There are more than 60 known subtypes of non-Hodgkin’s lymphoma (NHL). Doctors classify them in different ways, such as by how fast they grow and the type of cells they affect.

NHL is a group of cancers that begin in the lymphocytes, which are a type of white blood cell in the lymphatic system.

The lymphatic system is part of the immune system and includes the lymph nodes, bone marrow, and spleen. Around 85–95% of all NHL cases begin in lymphocytes called B cells.

Keep reading to learn more about the different NHL types.

Close-up of a microscope that a researcher is using to diagnose NHL.Share on Pinterest

The World Health Organization (WHO) has identified more than 60 NHL subtypes, which fit into categories based on their characteristics, such as:

  • Origin: Lymphoma can start in several different types of lymphocytes. These include B cells, T cells, and “natural killer” (NK) cells.
  • Speed of growth: Some types of lymphoma are slow-growing, which doctors may refer to as “low grade,” while some are fast-growing, or “high grade.”
  • Stage: Cancer stages describe how far the disease has spread. With lymphoma, staging indicates how much of the lymphatic system the cancer is affecting or whether it has spread to other parts of the body.

List of types

The following is an inexhaustive list of NHL subtypes:

The WHO also classifies NHL types according to:

  • the appearance of lymphomas under a microscope
  • the presence of certain proteins on the surface of lymphoma cells
  • the features of chromosomes in lymphoma cells

Chromosomes are cell structures that carry genetic information.

B-cell lymphomas are more common than T-cell lymphomas.

They affect the B-cells, which are responsible for creating antibodies. These antibodies mark viruses and bacteria that the immune system needs to destroy.

Some examples of B-cell lymphomas include:

  • Diffuse large B-cell lymphoma: This is the most common type of NHL and can grow quickly in the lymph nodes and other parts of the lymphatic system.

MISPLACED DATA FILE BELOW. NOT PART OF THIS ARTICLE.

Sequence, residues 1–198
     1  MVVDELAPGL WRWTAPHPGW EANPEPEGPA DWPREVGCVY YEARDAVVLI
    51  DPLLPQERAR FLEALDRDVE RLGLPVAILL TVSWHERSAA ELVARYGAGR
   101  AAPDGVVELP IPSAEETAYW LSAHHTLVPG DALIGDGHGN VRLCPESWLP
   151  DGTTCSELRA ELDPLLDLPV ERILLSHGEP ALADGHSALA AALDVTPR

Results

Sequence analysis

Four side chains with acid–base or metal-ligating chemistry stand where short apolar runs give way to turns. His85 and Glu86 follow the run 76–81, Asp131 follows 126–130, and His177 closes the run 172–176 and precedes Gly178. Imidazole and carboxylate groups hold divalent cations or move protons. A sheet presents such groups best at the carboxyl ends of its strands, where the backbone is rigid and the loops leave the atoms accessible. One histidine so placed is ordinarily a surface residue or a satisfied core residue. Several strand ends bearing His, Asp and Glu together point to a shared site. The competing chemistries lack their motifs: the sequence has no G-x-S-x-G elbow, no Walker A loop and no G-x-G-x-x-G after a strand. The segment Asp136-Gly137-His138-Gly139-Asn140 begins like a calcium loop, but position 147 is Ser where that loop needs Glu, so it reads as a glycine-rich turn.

• Follicular lymphoma: This slow-growing type of NHL affects the lymph nodes and may spread to the spleen or bone marrow. Sometimes, it becomes more aggressive.
  • Lymphoplasmacytic lymphoma: In most cases of this type of NHL, certain B-cells make large amounts of an antibody called immunoglobulin M (IgM). High levels of IgM cause the plasma in the blood to thicken.

There are several types of T cells. Some eliminate germs or other atypical cells in the body, while others help increase or decrease the activity of other immune cells.

Some types of T-cell lymphomas include:

  • Angioimmunoblastic T-cell lymphoma: This begins in T cells and commonly causes swollen lymph glands.
  • T-cell leukemia/lymphoma: A virus known as human T-cell leukemia virus type 1 causes this type.
  • Peripheral T-cell lymphoma: This begins in mature T cells in the thymus gland, which is responsible for making T cells. It then spreads to other parts of the lymphatic system.

NK cells attack and kill other cells. They are not one of the main lymphocyte types, but lymphomas can still start in them.

For example, NK/T-cell lymphomas (NKTLs) are cancers that result from the Epstein-Barr virus (EBV). Most of them start in NK cells.

NKTLs are relatively common in Asia and, to a lesser extent, Latin America. However, they are rare in North America and Europe. Most form in the nasal cavity, but they can develop in any location.

Another way of categorizing NHL types is by the speed at which the cancer grows. Aggressive lymphomas grow and spread rapidly, while indolent lymphomas grow and spread slowly.

Aggressive NHL tends to cause more severe symptoms. For example, the most common type of aggressive NHL, diffuse large B-cell lymphoma, causes a cluster of symptoms known as “B symptoms,” which can also occur in other B-cell lymphomas.

B symptoms include:

Indolent NHL tends to cause few symptoms, if any. Sometimes, doctors do not find the disease in these cases until they run tests for other conditions.

Treatment for indolent and aggressive cancers can also be very different.

Aggressive NHL requires systemic treatments, such as chemotherapy and radiation, while some indolent lymphomas may only require monitoring. For example, follicular lymphoma does not always require treatment, as it can get better on its own.

Some examples of rare lymphomas include:

  • Burkitt lymphoma: This is an aggressive type of B-cell lymphoma that spreads quickly.
  • True histiocytic lymphoma: This is a rare and very aggressive type of NHL. Doctors do not know if it derives from B cells or T cells.
  • Nodal marginal zone lymphoma: This is a type of NHL that forms in lymph nodes. Doctors also call it monocytoid B-cell lymphoma.
  • Cutaneous anaplastic large cell lymphoma: This is a slow-growing type of NHL that mostly affects the skin.
  • Follicular large cell lymphoma: Although follicular lymphoma is usually indolent, this very rare type grows faster. Doctors treat it more like an aggressive type of NHL.

There are many types of non-Hodgkin lymphoma (NHL), ranging from common to rare and indolent to aggressive. Around 60% of all NHL cases are aggressive, while 40% are slower-growing.

Doctors can categorize NHL in several ways, such as by the cells they start in, how fast they grow, or their stage. Most NHLs start in B-cells, but they can also begin in T cells or NK cells.